using memory and imagery to get kids to think about “place”

The last assignment for my EDUC 616 students has been to create their own “When I Was 10” maps.  I always use that age based on the the ideas about the geographies of childhood, inspired by the guidance of Edith Cobb (The Ecology of Imagination in Childhood) and Gary Nabhan and Stephen Trimble (The Geography of Childhood / Why Children Need Wild Places).  Basically, the age around 5th grade, more or less.

My students are making digital or paper versions of their maps.  They’ll likely all use planar perspectives, though in other versions of this assignment I’ve stipulated that students *must* include elements drawn from additional (oblique, frontal) perspectives as well.  Here’s a simple one on Flickr where the mapmaker used transparent areas to indicate location, then annotated.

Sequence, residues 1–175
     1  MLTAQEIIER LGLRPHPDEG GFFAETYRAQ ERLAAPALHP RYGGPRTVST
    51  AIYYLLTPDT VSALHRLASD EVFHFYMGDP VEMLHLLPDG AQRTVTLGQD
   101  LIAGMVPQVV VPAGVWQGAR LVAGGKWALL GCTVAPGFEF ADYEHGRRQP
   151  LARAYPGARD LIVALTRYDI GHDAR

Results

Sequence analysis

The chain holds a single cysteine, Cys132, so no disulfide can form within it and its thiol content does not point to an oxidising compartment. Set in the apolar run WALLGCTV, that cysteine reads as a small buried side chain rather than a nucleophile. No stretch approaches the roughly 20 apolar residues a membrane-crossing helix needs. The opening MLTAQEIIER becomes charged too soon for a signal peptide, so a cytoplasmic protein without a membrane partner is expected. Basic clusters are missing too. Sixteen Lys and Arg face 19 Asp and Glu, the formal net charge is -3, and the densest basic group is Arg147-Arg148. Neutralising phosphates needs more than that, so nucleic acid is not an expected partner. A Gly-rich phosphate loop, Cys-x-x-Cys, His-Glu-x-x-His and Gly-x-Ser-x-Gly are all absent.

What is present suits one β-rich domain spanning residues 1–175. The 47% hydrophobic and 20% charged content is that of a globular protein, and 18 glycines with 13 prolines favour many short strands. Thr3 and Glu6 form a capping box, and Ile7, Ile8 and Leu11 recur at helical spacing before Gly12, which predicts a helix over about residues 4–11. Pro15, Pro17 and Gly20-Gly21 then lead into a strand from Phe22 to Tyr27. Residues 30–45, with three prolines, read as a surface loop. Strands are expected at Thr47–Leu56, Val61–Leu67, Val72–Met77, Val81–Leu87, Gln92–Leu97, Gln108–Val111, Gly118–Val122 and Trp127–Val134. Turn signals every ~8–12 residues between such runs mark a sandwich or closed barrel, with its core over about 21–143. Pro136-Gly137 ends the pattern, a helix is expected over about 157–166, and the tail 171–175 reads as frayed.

In the digital world, we can jump down to street view for an immediate frontal perspective.  Here’s a website for a childhood walk that had the idea for narrated descriptions of such places.  Esri is promoting the idea of “story maps too;” their ideas here can readily adapted for youth-oriented projects.

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